Forget the Coronavirus. Worry About 10+ Years of Near-Zero Economic Growth…

It is time to take down risk and plan for a long stretch of deflation, poor returns on assets, and general stagnation.  The immediate but temporary threat of Coronavirus is obscuring clear and obvious signs of a much uglier, longer-term slump.

I’m actually grateful for the noise and smoke of Coronavirus because it’ll hopefully allow me to shuffle out of some positions at higher prices.  A decent number of people will “look through” Coronavirus and price in a return to normalcy by year end.  Maybe price in a recession and some tough times, but basically mean reversion as we get into 2021.  Because people usually (and reasonably) tend to assume a return to the status quo.

That forecast should drive a decent market rally.  “Look through the dip” buyers will come back in.  The forced selling will have already happened.  We won’t be back to go-go times, but we should bounce.

But the market is bigger and smarter than those people (or me).  The market sees something darker than just a temporary dip.  Coronavirus is obscuring increasingly obvious signs of an increasingly stagnant, deflationary economic outlook.

How obvious?  They are in the paper every day.  Below is a table of US treasury yields going out 30 years.  They are barely positive.  They are negative until 10 years out once you account for market-based inflation expectations (which have also cratered – see below or this link).

Rate Real rate (Subtract 1% Inflation)
1 Month 0.44% -0.56%
3 Month 0.41% -0.59%
6 Month 0.42% -0.58%
2 Year 0.52% -0.48%
5 Year 0.69% -0.31%
10 Year 0.86% -0.14%
30 Year 1.36% 0.36%

Remember the 10-30 year bond is a “rule of thumb” forecast of real economic growth (treasury rate = future real growth minus future inflation).  Per the chart above, the market is pricing in around zero real growth 10-30 years out.

You might shrug and say yields are low because of the Coronavirus crisis.  But as we get closer to 0%, the danger embedded in those yields goes up exponentially.  Policy error.  Pushing on a string.  Lack of political will for fiscal stimulus.  Those risks get a whole lot more real and dangerous as we get near 0%.  Professionals should know to know this, but yields have been headed down for so long everyone has kind’ve gotten used to it.

The other obvious sign was the market reaction to the Fed’s 50 basis point cut in rates.  Instead of rallying, the market tanked.  Because the market is seeing that exponential increase in risk   The IOER rate (what the Fed pays to banks on reserves) is now 1.10%.  That makes overnight deposits at the Fed a better investment than anything but the 30 year Treasury.  Which makes it highly likely the Fed cuts rates again as they keep chasing (not leading) the market down.  Arguably they need to get their overnight rate somewhere closer to the 0.44% 1 month treasury.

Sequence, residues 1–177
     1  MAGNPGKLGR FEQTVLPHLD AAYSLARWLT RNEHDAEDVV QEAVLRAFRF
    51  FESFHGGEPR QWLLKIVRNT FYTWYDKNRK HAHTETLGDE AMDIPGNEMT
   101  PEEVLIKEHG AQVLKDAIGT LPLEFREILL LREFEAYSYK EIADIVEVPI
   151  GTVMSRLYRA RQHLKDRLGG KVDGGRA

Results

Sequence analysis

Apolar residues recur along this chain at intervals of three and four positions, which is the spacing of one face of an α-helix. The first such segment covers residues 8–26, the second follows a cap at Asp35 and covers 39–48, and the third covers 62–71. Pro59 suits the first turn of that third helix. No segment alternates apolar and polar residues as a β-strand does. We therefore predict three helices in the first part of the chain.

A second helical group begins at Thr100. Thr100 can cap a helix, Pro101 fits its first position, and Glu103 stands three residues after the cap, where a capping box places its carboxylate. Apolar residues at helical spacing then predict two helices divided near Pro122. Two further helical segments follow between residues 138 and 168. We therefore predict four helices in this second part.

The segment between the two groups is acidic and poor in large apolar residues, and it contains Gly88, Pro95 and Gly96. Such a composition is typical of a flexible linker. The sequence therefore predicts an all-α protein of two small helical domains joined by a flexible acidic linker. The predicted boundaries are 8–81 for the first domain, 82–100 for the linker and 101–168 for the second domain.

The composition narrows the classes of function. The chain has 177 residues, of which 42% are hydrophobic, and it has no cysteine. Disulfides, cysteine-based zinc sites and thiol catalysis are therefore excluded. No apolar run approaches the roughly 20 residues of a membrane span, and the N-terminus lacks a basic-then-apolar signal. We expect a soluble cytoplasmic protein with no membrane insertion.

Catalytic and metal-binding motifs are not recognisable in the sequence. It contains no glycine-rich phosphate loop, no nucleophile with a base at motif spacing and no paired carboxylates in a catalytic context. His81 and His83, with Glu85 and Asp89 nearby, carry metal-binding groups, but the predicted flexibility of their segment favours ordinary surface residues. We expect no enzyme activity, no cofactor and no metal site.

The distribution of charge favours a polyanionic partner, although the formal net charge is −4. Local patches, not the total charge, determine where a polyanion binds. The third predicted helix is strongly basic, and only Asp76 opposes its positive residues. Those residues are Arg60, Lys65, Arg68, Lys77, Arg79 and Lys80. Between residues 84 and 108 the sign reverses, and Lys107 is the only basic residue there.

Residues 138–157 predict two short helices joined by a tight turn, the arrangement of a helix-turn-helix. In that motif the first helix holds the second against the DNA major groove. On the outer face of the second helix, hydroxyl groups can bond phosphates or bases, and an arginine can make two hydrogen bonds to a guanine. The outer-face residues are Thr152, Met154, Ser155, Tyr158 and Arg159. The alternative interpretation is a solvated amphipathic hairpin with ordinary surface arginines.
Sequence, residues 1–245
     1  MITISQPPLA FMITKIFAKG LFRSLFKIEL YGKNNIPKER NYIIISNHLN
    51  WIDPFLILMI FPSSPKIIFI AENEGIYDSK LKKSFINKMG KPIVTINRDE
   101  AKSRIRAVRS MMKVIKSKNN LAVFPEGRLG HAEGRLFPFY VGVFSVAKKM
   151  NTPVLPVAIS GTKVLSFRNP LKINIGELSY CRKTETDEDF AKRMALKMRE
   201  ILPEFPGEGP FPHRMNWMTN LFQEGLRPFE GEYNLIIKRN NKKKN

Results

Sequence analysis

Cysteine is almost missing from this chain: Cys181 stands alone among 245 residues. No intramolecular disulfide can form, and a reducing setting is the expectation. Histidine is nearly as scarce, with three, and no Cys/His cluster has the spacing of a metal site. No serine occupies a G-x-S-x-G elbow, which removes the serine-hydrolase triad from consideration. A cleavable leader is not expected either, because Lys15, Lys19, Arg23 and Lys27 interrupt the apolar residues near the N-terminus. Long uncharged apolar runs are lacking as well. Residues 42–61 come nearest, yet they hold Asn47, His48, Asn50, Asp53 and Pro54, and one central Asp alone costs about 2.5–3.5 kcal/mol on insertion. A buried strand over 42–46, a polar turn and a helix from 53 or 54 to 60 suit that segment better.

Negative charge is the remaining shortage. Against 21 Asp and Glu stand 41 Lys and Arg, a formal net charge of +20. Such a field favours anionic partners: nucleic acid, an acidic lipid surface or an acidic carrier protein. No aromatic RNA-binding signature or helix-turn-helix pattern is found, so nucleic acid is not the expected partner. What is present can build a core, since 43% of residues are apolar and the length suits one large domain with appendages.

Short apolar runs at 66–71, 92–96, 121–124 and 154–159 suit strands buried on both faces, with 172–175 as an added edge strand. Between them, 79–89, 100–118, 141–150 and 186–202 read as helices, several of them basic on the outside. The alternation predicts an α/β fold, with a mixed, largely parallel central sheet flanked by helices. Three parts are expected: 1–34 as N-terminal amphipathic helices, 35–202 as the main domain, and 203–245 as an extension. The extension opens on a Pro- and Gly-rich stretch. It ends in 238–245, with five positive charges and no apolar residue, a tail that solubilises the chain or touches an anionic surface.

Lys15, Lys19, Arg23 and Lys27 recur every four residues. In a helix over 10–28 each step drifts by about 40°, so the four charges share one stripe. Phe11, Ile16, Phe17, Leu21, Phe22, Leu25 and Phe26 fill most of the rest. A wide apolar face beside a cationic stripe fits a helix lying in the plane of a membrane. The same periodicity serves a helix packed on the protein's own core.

Maybe that rate cut spurs a rally.  But the market’s current message is pretty clear from here until somewhere past 10 years out.  Economic growth is gonna suck.  Not because of Coronavirus, but because of all sorts of chronic problems (mostly demographics).

Maybe the market is wrong.  I’ve made pretty decent money betting on exactly that with individual stocks.  But I’m going to believe the market on this one.  It is usually smarter than us.

I’ll wrap up with this quote from John Authers at Bloomberg.

“As people spot the logical fallacy in American exceptionalism, they also begin to spot the fallacy in TINA (“there is no alternative”) — the notion that low yields make bonds such bad value that it is justified to pay high multiples for stocks. The problem with this, rather as with the “long oil/short banks” trade back in 2008, is that at a certain point the rationale no longer works. Bond yields of less than 1% only make sense if the economy is bound for a long drawn-out deflationary recession. And if that is the fate of the economy, the effect on stocks will be horrible. This little item of logic also appears now to have clarified itself in the mind of investors, helped by the twin shocks of oil and the virus. “

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